Tax Cuts, Wars Account for Nearly Half of Public Debt by 2019

Clearly, there is a political and ideological commitment to taxophobia in today's GOP, quite distinct from whether there is any evidence for its effectiveness as policy -- indeed, policy may very be irrelevant.  It is hard for anyone with even a basic knowledge of the economic history of the US in the past 3 decades to maintain -- as the GOP does today -- that tax cuts will both generate revenue and put a cap on government expenditures.  So why the taxophobia?  Other than in the early 80s, perhaps, one cannot argue that pure vote pandering is the cause, particularly because the sorts of tax cuts the Republicans have consistently favored (and enacted) have been heavily skewed toward the top of the income ladder. 

Chait concludes that "moral disgust at income redistribution" is the best explanation.  Conservatives (particularly those on Wall Street and within the Beltway) believe that progressive taxation is an immoral form of discrimination against the wealthy, who (they argue) are the true drivers of innovation, economic growth, and job creation.  It was for this reason that the GOP was willing to go to the wall politically to extend all the Bush tax cuts late last year (though Obama saved them from having to do so), and why they consistently favor flattening the tax code.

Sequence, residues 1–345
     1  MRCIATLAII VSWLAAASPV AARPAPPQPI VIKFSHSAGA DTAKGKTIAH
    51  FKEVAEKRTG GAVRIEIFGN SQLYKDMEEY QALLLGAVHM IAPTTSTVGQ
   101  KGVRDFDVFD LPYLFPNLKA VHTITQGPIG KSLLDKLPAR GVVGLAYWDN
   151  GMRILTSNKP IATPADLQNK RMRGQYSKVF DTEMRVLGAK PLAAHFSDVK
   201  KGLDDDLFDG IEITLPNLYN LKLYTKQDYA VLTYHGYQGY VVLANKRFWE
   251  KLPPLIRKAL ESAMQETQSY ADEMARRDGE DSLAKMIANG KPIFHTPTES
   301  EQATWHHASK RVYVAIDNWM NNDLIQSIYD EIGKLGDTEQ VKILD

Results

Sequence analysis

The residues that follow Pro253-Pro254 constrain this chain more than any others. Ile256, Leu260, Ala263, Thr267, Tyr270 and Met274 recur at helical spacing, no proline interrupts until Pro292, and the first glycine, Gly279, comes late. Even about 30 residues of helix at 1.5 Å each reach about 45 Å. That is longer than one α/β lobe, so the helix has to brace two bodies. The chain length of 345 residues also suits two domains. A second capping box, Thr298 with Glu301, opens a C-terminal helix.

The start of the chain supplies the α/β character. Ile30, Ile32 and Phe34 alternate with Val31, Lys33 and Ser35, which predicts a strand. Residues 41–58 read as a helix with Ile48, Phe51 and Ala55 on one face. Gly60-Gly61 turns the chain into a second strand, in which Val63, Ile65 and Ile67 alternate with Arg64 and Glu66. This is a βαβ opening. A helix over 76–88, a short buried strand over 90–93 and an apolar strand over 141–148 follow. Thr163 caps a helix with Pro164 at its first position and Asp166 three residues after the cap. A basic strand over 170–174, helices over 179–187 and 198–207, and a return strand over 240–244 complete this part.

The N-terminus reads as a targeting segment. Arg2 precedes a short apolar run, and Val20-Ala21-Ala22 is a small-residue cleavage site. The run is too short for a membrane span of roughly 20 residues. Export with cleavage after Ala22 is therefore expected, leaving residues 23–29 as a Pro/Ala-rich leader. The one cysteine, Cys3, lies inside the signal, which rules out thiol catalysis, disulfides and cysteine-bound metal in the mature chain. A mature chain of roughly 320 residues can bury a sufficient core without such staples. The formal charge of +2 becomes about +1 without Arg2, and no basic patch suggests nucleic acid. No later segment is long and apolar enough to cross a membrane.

The American conservative movement, at least in its elite variant, has thus returned to the very essence of Western conservative ideology prior to the 20th century:  the defense of 'natural' inequality.  Prior to the rise of modern corporate capitalism, what conservatives defended was the 'traditional' order.  Whether the defense was religious, moral, evolutionary or self-interested, conservatism generally believed that social and economic inequality were immutable and justifiable.  Its roots in monarchism and feudalism, in other words, were clearly stated.  Within the South, they were stated without apology.

Outside the South, at least, this defense of inequality has rested very uncomfortably within American conservatism, particularly in the post-World War II era.  While the movement has always retained (and played to) some of its more cranky elements -- racism, xenophobia, and more recently homophobia -- it has generally tried to avoid rhetorical defenses of inequality, particularly in the economic sphere.  Race is the obvious exception here; following in the path blazed by George Wallace, conservatism adopted a kind of populist appeal to a white herrenvolk.  With a nod and wink to white voters about the sources of racial inequality, conservatives posited a coalition of the black poor and the liberal elite striving to keep the average (white) man down.  With the tax revolts of the 70s and the dawning of the Age of Reagan, the GOP began to attach these sentiments to policy.  It claimed that liberating the pocketbooks of the wealthy would lift from the bottom.

In the wake of the Great Recession, as well as three decades of wage stagnation and economic insecurity for most American households, most voters aren't terribly inclined to cut Roark his Randian lebensraum.  In response, conservative elites seem to be reverting to their fundamental baseline:  the defense of inequality.

The Party of Lincoln (at least at the top) is rapidly becoming the Party of Alexander Hamilton, George Fitzhugh, and William Graham Sumner.  And Howard Roark.